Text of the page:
Panasonic Lumix FZ100 review
Panasonic Lumix FZ100 review - Design
The Panasonic Lumix FZ100 looks much like a small DSLR system though, of course, the lens here isn't removable. With a 25-600mm range covering the majority of all conceivable shooting scenarios, prospective purchasers are unlikely to ever need a much greater range than is offered. The lens tie-in design is part and parcel of a superzoom or ‘bridge' camera's very benefit.
Although the Lumix FZ100 is fairly chunky, it's actually quite small when considering the considerable lens in play. It never feels imposing in the hand and, actually, I felt like a bit of a taller body or grip would assist with extended use and stop my little finger curling around the camera's base.
As well as a top jogwheel to access shooting modes, there's a one-touch movie button to dive into capturing moving images and, next to this, another one-touch button for adjusting high speed shooting. The rear has a singular thumbwheel for cycling through settings and can ‘double up' its use by being pressed to toggle between options - such as aperture and shutter control when in Manual mode.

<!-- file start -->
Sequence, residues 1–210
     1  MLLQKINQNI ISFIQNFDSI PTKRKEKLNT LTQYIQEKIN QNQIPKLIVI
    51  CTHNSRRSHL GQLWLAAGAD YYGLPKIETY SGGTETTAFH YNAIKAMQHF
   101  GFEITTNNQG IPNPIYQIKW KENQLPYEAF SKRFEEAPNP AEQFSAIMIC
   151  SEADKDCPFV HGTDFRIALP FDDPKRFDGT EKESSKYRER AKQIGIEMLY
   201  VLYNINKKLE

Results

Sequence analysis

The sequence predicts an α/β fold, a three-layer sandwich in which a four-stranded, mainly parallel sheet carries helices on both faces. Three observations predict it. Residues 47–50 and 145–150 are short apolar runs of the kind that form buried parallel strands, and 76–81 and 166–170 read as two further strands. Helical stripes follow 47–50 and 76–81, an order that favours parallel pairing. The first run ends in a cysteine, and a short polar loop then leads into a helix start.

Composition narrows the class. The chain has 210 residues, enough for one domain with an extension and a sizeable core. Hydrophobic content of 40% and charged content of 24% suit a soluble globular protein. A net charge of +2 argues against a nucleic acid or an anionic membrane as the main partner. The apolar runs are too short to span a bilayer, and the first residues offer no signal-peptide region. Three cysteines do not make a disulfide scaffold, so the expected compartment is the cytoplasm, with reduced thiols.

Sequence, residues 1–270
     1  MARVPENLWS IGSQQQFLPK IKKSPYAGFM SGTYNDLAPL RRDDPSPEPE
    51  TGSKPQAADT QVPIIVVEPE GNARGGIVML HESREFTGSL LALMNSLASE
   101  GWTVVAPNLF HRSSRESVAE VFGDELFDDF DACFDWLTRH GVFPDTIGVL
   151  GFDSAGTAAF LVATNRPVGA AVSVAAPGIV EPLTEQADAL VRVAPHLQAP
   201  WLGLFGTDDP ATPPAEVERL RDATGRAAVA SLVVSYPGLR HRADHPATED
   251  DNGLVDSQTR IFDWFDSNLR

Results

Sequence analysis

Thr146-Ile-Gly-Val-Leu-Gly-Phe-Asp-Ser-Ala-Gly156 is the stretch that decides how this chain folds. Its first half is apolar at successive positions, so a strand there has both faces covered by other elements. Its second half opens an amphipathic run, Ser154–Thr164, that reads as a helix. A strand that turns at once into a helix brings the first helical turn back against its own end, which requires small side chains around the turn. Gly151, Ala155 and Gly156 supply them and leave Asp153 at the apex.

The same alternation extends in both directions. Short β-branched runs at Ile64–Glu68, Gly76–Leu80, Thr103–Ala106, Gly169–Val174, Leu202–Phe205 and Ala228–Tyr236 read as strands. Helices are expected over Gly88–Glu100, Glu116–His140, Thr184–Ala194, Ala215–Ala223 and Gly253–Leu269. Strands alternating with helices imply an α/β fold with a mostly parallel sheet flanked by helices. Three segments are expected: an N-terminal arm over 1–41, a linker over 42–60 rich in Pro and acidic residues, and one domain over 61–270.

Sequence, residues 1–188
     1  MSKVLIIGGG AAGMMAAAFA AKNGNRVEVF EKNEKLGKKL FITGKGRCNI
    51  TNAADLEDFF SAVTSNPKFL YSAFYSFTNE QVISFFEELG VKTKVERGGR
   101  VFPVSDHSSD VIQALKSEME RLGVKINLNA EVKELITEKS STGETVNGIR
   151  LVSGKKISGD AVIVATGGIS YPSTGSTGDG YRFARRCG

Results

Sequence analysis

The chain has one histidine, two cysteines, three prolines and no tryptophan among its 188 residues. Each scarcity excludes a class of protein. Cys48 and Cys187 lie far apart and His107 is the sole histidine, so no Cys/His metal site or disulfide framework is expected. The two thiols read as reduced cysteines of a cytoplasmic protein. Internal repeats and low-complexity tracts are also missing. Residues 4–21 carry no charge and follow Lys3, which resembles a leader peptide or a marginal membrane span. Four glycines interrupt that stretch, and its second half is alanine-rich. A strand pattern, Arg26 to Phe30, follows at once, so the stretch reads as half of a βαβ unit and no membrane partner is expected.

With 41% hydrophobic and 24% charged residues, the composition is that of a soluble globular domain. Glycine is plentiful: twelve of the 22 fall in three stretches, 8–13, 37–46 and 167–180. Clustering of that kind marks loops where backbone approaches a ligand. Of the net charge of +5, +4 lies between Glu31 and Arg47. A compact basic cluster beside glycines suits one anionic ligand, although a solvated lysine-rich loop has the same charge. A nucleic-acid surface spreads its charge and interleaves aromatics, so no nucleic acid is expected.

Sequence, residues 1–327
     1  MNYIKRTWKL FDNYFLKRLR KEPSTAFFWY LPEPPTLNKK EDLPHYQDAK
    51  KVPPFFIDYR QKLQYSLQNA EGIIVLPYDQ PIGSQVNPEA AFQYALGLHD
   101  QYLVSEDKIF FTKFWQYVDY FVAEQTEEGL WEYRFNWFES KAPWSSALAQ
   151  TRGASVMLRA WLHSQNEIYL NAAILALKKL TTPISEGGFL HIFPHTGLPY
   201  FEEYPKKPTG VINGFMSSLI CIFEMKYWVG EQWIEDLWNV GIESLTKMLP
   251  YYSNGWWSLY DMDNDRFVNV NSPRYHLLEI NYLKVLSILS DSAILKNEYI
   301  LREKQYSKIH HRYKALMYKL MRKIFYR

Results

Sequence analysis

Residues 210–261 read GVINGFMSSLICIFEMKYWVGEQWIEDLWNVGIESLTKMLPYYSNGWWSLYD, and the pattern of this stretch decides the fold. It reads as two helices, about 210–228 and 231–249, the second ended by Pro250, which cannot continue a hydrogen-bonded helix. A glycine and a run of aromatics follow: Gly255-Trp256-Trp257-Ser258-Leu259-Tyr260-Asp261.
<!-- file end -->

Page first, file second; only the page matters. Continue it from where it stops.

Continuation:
Menu access is always appropriately proportioned to the mode that the top jogwheel is positioned to, meaning that only a few menu options need to be seen when in iA (intelligent Auto) mode, compared to all available options when in the Manual setting, for example. Quick-access options are also only ever a few button presses away thanks to the Q.Menu button on the rear, next to the standard D-pad which opens up ISO, exposure compensation, timer and user-assignable Function (Fn) settings.
There's very little to complain about in terms of the FZ100's design, bar the lack of an eye-level sensor to effortlessly toggle between using the LCD and EVF. Although not a major problem, this has been an ongoing feature omission in Panasonic's otherwise excellent superzoom lineup. Toggling between using the viewfinder and previewing images on the LCD screen suffers from the same setback as button-pressing is required to see the image on screen (rather than in the EVF) after taking the shot.